As I said, almost every board will make a nurse disclose felonies. And depending upon what the felony is, it could mean that a nurse absolutely will not get their license. Now, just because you’ve had a felony in your past doesn’t mean you won’t get your nursing license. That’s not a guarantee. It would depend upon the nature of the felony, how long ago it was, that type of thing. As far as a misdemeanor goes, it’s very unlikely that any misdemeanor in your past would completely bar you from getting a nursing license. What could prevent that would be if there are a bunch of misdemeanors.
If you’ve had dozens of convictions for various things in your past, then obviously, yes. That could affect whether you get your nursing license or not. If you’ve had one, it was 20 years ago when you were 19. It’s extraordinarily unlikely that that will stop you from getting a nursing license.
There are scenarios where you have had several misdemeanors in your past. Let’s say someone has had three DUIs. So, they had three DUIs maybe 10 years ago. In that period, the board will ask a whole bunch of questions about your use of drugs and alcohol. So, how much do you certainly drink? When was the last time you were intoxicated? Did you ever go into AA? Did you ever do any rehab or IOP? Things like that. They want to see if you did have a short burst of problems. This happens often if someone has substance abuse issues or something is happening in their life that’s leading to the substance abuse. Maybe an abusive relationship or mental health issue. The board will want to see, alright, have you dealt with the problems that happened in the past?
Demands of Nursing Board to Applicants With Criminal Past
And then, do we think you’re a threat to patient safety moving forward? The shorter the time between a criminal incident and the license application, the worse it is for the nurse. So, suppose you had three DUIs within the last year, well. In that case, the board will be enormously concerned that the nurse has an alcohol-related problem. They may deny flat out, or the other scenario, that the board would offer probation and then simultaneously grant the license. If you did have substance abuse-related crimes in your past, the board could say, look, we’re willing to give you a license. However, you are under monitoring for a period of time, which could be six months up to three years or more.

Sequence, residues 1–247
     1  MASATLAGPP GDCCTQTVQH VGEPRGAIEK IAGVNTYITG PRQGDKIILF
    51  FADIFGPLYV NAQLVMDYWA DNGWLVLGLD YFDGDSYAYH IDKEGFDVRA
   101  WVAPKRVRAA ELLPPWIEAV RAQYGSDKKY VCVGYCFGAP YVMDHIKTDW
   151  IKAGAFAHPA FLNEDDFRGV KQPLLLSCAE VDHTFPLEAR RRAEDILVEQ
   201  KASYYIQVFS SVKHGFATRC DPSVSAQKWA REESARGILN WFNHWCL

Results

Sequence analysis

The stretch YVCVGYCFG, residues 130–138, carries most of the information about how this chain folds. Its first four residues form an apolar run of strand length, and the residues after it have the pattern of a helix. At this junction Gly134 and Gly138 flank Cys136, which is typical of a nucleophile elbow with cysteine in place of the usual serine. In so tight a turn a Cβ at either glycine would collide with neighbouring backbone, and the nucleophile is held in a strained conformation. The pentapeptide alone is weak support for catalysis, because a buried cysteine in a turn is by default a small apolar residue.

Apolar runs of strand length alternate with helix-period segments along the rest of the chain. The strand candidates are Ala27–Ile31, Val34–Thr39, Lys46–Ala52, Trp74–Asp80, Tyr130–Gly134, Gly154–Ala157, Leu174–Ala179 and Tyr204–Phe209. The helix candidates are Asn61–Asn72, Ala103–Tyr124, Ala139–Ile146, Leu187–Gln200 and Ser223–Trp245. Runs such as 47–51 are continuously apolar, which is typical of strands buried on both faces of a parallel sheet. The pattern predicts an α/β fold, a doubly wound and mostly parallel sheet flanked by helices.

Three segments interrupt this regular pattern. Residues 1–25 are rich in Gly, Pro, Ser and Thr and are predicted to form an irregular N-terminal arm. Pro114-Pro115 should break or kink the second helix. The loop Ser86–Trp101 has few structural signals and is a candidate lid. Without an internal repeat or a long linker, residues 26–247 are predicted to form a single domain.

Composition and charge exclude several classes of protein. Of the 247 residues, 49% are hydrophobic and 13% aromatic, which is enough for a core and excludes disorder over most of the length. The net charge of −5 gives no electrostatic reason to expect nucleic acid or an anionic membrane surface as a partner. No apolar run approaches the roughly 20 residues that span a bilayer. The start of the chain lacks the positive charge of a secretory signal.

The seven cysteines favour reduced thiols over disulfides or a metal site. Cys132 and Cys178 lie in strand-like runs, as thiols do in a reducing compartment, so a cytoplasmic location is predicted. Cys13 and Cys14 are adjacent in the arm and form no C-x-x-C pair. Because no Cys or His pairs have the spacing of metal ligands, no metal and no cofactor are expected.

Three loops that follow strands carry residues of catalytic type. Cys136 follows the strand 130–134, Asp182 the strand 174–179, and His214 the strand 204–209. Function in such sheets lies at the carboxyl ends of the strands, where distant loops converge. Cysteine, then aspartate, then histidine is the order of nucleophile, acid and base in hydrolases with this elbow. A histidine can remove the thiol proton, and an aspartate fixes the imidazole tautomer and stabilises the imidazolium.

And then they’ll state, you’ll have to do drug testing, there’ll be supervision at work, and you may have to do AA or a nurse recovery group. You can’t pass narcs. There may be restrictions on the license, but they’ll likely grant it. Rarely someone’s criminal past would completely prevent them from getting a nursing license. If the nurse is willing to go on probation in some situations, then it shouldn’t matter. And if they’ve made some proactive steps to stop what the issues were, the board will look favorably upon that as well. So, will a misdemeanor hurt your chances of getting a license? Yes, it’ll make it harder, but it is unlikely to be a complete bar to getting licensed.
Ask for Legal Opinions Before Becoming a Nursing Student
Once again, our location is in Arizona, so this can’t help you in any other state. Still, this is good general information for any nurse regarding what to think about if you have a criminal past. I would suggest if you’re concerned, especially sometimes, they’ll get calls from people who are interested in going into nursing school. And saying, alright, well, I don’t want to go into nursing school if I’m going to be, or it’s unlikely that the board will even give me a license. In that scenario, reach out to an attorney that does nursing board work in your state and say, hey, what’s your experience with someone with this type of crime? Do you think it’s worth it? Is it okay if I go to nursing school? What’s the likelihood that I’ll be able to get my license?
That’s valuable information. I mean, to go to nursing school and then spend all that money and time. Then applying and having no chance of getting a license due to past criminal incidents would be a terrible scenario. And I hate for that to happen to anybody.
Other Blogs of Interest
- Can a Felon Become a Nurse?
- Can you be a Nurse with Misdemeanor Theft?
- Can you be a Nurse with a DUI?
What Can Disqualify You From Being a Nurse?